Posts in category DragonFlyBSD Digest
More than the usual source commit messages this week. LibreSSL got another point release. And complaints. (via) NetBSD 7′s branch date is planned. FreeBSD 9.3 is released. EoL for 9.2 has been extended, too. Cloning a FreeBSD/ZFS Machine with ‘zfs send’. An OpenBSD hackathon means a lot (Read more...)
While Matthew Dillon was testing the new up-to-256-processor support for DragonFly, he added a few sysctls, one of which helps qemu performance when emulating a lot of processors. I note it here in case it’s helpful to someone else.
There’s an open source meetup at a hackerspace near me, happening tomorrow. Well, today by the time most people read this. Anyway, it’s at Interlock, starting at noon. I don’t think I’ll make it, but I’m always happy to see this stuff happen in my own town.
BSDNow 046 interviews Brian Drewery, talks about tunneling through DNS ports (an useful trick to get around network paywalls, if it’s what I think it is), and of course more general discussion of BSD topics.
HOPE X starts tomorrow in New York City and runs through the weekend. There will be some BSD people there. (see first line of link.)
DRM (Direct Rendering, not Digital Rights) on DragonFly will normally eat all the memory it thinks it needs. However, vm.dma_reserved can now be set to a fixed limit in /boot/loader.conf. By default, vm.dma_reserved on DragonFly is set to 16M, and can be set higher. I think this is necessary when running higher-resolution screens… D [...]
Thanks to Nicolas Thery, there’s a POSIX semaphore test suite on DragonFly, ported from FreeBSD. Anyone want to integrate it into dfregress?
There’s a recently talked about bug in SYSRET that apparently affects a lot of operating systems, including Linux and several BSDs. It looks like DragonFly is not affected, but Matthew Dillon has put in changes just in case.
Francois Tigeot has been working on making i915 video support work better; with his latest update, it’s worth trying the Intel-specific driver instead of vesa if you have both the 915 chipset and are running X.
Matthew Dillon changed powerd on DragonFly so that the system is set to max performance if powerd is killed. Now you’ll know why your fans turned on!
Alex Hornung has added a ChaCha algorithms and Fortuna-based CSPRNG to DragonFly’s random device. You can pick what runs with the sysctl kern.rand_mode, and some other changes.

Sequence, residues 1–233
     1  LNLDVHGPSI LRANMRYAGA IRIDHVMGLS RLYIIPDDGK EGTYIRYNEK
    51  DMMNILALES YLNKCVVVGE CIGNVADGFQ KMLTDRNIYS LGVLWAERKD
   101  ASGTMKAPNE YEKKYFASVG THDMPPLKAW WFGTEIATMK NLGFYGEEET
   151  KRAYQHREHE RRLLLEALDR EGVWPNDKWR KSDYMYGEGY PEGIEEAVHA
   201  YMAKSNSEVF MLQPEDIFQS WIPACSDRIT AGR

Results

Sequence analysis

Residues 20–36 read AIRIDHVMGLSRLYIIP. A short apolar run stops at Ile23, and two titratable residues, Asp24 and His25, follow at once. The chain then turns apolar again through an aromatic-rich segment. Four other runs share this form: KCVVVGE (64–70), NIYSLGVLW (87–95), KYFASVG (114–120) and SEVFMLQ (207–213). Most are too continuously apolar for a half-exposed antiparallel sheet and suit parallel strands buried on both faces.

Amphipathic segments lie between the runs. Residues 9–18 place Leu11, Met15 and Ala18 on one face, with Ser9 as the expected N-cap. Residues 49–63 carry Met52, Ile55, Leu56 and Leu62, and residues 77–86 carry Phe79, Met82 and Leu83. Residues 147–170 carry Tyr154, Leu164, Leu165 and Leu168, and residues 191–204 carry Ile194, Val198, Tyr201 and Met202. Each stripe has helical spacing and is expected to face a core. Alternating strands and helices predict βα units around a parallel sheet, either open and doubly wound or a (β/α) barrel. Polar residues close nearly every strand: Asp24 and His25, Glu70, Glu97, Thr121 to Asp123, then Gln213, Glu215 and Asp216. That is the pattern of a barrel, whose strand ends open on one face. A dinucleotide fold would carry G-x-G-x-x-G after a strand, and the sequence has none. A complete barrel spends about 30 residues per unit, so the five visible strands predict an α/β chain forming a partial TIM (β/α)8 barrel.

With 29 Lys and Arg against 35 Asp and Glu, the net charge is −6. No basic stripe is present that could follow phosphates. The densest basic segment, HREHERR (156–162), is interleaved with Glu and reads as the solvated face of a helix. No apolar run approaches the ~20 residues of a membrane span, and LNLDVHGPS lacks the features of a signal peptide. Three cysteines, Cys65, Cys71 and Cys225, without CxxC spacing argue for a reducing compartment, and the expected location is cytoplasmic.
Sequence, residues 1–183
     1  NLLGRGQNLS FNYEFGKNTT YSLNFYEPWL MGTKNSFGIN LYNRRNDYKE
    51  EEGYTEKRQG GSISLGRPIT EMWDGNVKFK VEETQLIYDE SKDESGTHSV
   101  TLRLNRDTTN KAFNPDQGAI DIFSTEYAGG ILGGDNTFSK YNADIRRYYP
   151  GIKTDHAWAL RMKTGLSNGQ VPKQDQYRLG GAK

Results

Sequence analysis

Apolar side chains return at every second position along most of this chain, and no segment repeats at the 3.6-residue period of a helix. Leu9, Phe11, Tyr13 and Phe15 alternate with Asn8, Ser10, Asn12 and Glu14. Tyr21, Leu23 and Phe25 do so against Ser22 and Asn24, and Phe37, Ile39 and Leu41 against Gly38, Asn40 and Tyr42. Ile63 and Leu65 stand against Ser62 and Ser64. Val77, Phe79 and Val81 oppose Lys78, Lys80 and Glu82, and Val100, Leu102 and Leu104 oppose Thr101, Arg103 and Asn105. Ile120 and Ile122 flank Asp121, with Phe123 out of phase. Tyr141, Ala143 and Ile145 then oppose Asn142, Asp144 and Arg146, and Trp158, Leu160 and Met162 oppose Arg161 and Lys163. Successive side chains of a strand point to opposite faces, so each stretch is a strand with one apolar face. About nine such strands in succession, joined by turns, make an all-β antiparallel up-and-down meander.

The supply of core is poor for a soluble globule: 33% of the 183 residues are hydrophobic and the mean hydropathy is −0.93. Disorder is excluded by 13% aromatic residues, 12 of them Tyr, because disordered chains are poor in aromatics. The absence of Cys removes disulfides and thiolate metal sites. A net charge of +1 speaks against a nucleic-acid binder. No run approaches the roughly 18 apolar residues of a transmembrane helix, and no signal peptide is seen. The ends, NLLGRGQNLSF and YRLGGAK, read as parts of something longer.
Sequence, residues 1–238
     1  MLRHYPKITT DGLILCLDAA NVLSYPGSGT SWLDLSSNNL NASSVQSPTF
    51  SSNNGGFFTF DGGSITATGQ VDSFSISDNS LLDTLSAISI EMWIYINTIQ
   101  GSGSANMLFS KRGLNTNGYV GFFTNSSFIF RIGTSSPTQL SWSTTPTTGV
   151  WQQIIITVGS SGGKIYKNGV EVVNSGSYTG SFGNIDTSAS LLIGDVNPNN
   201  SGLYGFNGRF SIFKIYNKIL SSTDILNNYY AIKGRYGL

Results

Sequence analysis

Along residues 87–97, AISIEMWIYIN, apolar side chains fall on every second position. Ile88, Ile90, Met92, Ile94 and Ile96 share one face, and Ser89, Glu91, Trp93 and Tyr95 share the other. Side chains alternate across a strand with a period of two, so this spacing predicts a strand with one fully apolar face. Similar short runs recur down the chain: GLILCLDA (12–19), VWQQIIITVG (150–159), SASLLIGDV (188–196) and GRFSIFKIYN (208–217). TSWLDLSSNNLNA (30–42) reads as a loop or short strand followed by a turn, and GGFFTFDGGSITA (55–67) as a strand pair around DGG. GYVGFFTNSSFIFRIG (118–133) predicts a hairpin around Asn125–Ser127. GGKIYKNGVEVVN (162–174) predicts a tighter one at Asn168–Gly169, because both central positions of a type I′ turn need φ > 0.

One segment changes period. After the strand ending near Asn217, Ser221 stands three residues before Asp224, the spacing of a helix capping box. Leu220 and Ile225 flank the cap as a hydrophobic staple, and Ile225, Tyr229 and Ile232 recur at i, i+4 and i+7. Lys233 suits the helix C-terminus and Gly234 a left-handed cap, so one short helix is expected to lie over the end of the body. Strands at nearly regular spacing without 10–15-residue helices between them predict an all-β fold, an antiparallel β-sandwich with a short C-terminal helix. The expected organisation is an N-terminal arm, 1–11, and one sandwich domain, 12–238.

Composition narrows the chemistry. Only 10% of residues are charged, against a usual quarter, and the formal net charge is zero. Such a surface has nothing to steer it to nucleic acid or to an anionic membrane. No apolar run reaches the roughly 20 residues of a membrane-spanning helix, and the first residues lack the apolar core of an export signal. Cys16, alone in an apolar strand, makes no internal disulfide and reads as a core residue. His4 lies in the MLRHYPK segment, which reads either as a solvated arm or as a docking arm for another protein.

It’s a manageable list this week. Markov Chains Explained. It’s useful to at least know what Markov chains are, because there are some silly text tricks that can be done, and it’s a good term to use so that you sound smart. (via) Rob Pike’s 5 rules of programming. (via) Similar: Epigrams in programming (Read more.. [...]
Finally, a much more eventful week. I already noted LibreSSL’s release. DiscoverBSD’s news summary for 2014/07/07. PC-BSD Digest 31 – there’s now a PC-BSD IRC channel. Your server can probably tell you the temperature. Future of pf in FreeBSD? Follow the thread. (via) DragonFly’s pf alterations discussed for [...]
The portable (meaning ready to be brought into other operating systems) version of LibreSSL is out.
BSDNow episode 45 is up. This one is an interview with Josh Paetzel of iXSystems. No tutorial this week because Allan Jude is at the devsummit in the UK, an event I totally did not know existed.
Some dports packages can’t be installed in combination with others. The easy way to find the conflict without doing the install? Look for CONFLICTS= in the Makefile. If you don’t have the dports tree on disk, you can always look online.
If you’re looking to use LDAP on DragonFly, follow this thread (read the first, keep going) as people talk about implementing it, what they installed, etc. I haven’t tried it myself, yet.
The mfi(4) driver has had some data corruption problems on “Thunderbird” series RAID controllers. There’s a newer driver, mrsas(4), that replaces mfi(4) for these controllers and does not have these issues, but switching may mean new drive locations and therefore some work to get booting correctly again. Sascha Wildner has [...]
ACPICA has been updated by Sascha Wildner to version 20140627, which as you can guess from the version, is the most recent. See the included changelog for what’s different.
DragonFly now supports running on up to 256 CPUs. 256 is the initial limit on the basic interrupt controller, and it can be extended further. It’s been tested on 255 CPUs so far, since that’s the highest number of CPUs you can bring up in qemu.